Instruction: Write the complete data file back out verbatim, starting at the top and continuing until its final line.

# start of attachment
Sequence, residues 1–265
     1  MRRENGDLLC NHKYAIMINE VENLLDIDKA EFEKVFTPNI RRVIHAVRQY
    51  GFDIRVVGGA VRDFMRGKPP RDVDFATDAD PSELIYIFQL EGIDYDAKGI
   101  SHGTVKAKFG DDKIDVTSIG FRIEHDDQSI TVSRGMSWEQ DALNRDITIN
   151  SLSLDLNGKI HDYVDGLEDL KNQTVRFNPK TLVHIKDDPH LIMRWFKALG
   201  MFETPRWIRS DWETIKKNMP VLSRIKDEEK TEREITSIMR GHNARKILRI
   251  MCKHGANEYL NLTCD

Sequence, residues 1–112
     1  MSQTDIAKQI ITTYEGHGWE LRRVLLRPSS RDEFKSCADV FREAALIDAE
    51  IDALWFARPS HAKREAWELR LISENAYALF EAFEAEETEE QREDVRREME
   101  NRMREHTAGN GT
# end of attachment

Sequence, residues 1–265
     1  MRRENGDLLC NHKYAIMINE VENLLDIDKA EFEKVFTPNI RRVIHAVRQY
    51  GFDIRVVGGA VRDFMRGKPP RDVDFATDAD PSELIYIFQL EGIDYDAKGI
   101  SHGTVKAKFG DDKIDVTSIG FRIEHDDQSI TVSRGMSWEQ DALNRDITIN
   151  SLSLDLNGKI HDYVDGLEDL KNQTVRFNPK TLVHIKDDPH LIMRWFKALG
   201  MFETPRWIRS DWETIKKNMP VLSRIKDEEK TEREITSIMR GHNARKILRI
   251  MCKHGANEYL NLTCD

Sequence, residues 1–112
     1  MSQTDIAKQI ITTYEGHGWE LRRVLLRPSS RDEFKSCADV FREAALIDAE
    51  IDALWFARPS HAKREAWELR LISENAYALF EAFEAEETEE QREDVRREME
   101  NRMREHTAGN GT